Lost Kingdoms of Africa - Netflix

British art historian Dr. Gus Casely-Hayford explores the pre-colonial history of some of Africa's most important kingdoms.

Lost Kingdoms of Africa - Netflix

Type: Documentary

Languages: English

Status: Ended

Runtime: 60 minutes

Premier: 2010-01-05

Lost Kingdoms of Africa - History of Africa - Netflix

The history of Africa begins with the emergence of hominids, archaic humans and – around 5.6 to 7.5 million years ago – anatomically modern humans (Homo sapiens), in East Africa, and continues unbroken into the present as a patchwork of diverse and politically developing nation states. The earliest known recorded history arose in the Kingdom of Kush, and later in Ancient Egypt, the Sahel, the Maghreb and the Horn of Africa. Following the desertification of the Sahara, North African history became entwined with the Middle East and Southern Europe while the Bantu expansion swept from modern day Cameroon (West Africa) across much of the sub-Saharan continent in waves between around 1000 BC and 0 AD, creating a linguistic commonality across much of the central and Southern continent. During the Middle Ages, Islam spread west from Arabia to Egypt, crossing the Maghreb and the Sahel. Some notable pre-colonial states and societies in Africa include the Ajuran Empire, D'mt, Adal Sultanate, Warsangali Sultanate, Kingdom of Nri, Nok culture, Mali Empire, Songhai Empire, Benin Empire, Oyo Empire, Ashanti Empire, Ghana Empire, Mossi Kingdoms, Mutapa Empire, Kingdom of Mapungubwe, Kingdom of Sine, Kingdom of Sennar, Kingdom of Saloum, Kingdom of Baol, Kingdom of Cayor, Kingdom of Zimbabwe, Kingdom of Kongo, Empire of Kaabu, Kingdom of Ile Ife, Ancient Carthage, Numidia, Mauretania, and the Aksumite Empire. At its peak, prior to European colonialism, it is estimated that Africa had up to 10,000 different states and autonomous groups with distinct languages and customs. From the mid-7th century, the Arab slave trade saw Muslim Arabs enslave Africans following an armistice between the Rashidun Caliphate and the Kingdom of Makuria after the Second Battle of Dongola in 652 AD. They were transported, along with Asians and Europeans, across the Red Sea, Indian Ocean, and Sahara Desert. From the late 15th century, Europeans joined the slave trade that includes the triangular trade, with the Portuguese initially acquiring slaves through trade and later by force as part of the Atlantic slave trade. They transported enslaved West, Central, and Southern Africans overseas. Subsequently, European colonization of Africa developed rapidly from around 10% (1870) to over 90% (1914) in the Scramble for Africa (1881-1914). However following struggles for independence in many parts of the continent, as well as a weakened Europe after the Second World War (1939 - 1945), decolonization took place across the continent, culminating in the 1960 Year of Africa. Africa's pre-colonial history has been challenging to research within the field of African studies, because of the scarcity of written sources in large parts of the continent, particularly with the destruction of many of the most important manuscripts from Timbuktu. Disciplines such as the recording of oral history, historical linguistics, archaeology and genetics have been crucial.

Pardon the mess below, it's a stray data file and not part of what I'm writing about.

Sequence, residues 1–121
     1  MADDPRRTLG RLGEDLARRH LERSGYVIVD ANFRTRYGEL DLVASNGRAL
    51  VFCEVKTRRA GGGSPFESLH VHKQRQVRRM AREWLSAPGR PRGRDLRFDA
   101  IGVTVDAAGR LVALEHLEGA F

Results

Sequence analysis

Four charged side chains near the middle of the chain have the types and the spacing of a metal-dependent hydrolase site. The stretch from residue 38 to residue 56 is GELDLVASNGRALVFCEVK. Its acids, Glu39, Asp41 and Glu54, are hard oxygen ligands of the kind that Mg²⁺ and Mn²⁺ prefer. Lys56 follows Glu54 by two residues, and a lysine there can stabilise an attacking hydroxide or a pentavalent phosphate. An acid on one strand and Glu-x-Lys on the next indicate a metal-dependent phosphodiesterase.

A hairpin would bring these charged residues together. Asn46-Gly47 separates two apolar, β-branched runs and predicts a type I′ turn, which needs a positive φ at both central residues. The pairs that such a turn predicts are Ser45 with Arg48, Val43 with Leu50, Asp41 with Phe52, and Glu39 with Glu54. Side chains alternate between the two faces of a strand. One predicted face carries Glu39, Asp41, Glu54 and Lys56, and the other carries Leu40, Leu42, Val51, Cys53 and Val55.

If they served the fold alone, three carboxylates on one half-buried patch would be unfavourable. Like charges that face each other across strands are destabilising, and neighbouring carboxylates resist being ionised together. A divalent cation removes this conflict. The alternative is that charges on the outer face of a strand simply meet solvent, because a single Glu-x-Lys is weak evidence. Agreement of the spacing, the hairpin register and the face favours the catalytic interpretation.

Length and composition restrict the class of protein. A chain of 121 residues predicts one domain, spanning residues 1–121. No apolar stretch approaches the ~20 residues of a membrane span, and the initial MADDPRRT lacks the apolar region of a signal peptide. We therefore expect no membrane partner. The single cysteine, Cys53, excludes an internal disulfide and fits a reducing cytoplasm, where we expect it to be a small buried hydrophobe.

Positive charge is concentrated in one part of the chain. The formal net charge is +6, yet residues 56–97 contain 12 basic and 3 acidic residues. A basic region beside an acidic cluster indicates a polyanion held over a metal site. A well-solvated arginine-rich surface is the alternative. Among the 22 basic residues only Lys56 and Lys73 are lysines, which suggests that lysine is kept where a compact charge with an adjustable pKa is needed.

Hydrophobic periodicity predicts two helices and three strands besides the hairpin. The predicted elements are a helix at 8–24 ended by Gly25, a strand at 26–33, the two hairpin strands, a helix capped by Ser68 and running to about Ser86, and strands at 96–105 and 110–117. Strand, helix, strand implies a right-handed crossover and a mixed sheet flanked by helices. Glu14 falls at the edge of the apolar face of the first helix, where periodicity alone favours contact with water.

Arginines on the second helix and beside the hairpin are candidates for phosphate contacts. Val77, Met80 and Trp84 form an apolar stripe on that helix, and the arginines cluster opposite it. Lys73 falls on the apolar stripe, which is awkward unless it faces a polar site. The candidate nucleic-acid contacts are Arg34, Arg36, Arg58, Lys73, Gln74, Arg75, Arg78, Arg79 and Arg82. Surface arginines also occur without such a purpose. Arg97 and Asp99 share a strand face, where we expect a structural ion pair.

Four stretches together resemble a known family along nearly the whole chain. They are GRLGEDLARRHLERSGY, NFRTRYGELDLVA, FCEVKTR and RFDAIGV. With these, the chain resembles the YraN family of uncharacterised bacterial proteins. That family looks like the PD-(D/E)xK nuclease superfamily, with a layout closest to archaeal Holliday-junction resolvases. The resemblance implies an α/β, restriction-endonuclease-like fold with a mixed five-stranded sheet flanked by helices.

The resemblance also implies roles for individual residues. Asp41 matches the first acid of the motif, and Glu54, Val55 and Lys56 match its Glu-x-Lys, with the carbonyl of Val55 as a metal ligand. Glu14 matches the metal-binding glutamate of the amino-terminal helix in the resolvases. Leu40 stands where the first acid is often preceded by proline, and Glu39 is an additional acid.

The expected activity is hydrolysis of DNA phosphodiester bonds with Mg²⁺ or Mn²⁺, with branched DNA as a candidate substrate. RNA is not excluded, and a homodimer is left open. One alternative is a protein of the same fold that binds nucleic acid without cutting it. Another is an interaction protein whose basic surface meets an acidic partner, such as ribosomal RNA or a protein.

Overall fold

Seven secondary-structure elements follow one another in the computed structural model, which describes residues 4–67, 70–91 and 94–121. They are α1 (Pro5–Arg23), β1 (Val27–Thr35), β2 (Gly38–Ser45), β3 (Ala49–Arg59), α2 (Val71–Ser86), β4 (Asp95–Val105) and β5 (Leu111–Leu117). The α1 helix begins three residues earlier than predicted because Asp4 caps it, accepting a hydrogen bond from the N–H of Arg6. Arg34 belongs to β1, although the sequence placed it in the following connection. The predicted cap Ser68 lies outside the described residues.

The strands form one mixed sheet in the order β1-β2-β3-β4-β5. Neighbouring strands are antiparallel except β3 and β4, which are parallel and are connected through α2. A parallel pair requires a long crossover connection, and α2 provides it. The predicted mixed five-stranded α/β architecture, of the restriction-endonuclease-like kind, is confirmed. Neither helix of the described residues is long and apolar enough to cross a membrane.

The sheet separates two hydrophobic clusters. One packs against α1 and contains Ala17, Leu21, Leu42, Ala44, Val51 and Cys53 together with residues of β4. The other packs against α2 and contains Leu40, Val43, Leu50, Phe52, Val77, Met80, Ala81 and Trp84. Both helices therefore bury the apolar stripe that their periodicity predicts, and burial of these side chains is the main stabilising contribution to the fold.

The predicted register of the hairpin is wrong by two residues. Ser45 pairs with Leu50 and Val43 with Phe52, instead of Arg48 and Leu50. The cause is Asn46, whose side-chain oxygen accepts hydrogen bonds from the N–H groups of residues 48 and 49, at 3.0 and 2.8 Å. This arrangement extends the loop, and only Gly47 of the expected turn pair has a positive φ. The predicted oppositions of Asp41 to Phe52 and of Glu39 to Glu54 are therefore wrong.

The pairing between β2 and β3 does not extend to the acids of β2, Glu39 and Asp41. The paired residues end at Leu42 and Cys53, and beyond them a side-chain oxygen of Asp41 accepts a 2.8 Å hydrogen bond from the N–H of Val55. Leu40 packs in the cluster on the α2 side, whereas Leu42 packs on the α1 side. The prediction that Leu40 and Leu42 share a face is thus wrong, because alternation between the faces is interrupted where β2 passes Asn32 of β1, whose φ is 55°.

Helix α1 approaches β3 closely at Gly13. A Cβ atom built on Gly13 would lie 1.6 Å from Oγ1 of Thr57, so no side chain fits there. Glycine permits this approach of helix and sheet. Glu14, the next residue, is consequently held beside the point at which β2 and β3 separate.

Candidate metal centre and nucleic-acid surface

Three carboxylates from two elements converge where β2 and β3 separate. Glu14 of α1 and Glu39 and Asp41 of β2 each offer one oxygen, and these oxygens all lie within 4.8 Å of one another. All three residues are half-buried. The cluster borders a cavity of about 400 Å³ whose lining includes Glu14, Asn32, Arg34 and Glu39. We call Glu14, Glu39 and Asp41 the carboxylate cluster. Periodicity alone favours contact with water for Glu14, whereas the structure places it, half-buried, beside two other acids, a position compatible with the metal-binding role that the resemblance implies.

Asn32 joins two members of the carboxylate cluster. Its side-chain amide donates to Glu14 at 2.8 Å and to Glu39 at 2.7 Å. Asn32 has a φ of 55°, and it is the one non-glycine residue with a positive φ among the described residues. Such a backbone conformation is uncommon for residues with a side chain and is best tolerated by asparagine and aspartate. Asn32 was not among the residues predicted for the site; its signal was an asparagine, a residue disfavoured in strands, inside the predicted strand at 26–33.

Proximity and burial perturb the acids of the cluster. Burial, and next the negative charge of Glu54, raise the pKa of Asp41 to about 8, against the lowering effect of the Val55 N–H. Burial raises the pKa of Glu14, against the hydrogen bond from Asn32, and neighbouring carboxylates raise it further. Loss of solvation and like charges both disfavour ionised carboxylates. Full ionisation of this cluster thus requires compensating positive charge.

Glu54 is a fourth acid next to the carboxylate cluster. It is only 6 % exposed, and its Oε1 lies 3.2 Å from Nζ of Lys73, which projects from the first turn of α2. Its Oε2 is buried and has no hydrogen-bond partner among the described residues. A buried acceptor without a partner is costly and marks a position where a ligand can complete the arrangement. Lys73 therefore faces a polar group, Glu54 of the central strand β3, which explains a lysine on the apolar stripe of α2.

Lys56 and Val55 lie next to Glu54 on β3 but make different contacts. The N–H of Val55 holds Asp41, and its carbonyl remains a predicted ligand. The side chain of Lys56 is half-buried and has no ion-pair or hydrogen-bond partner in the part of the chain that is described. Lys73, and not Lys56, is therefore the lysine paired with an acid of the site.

Lost Kingdoms of Africa - Maghreb - Netflix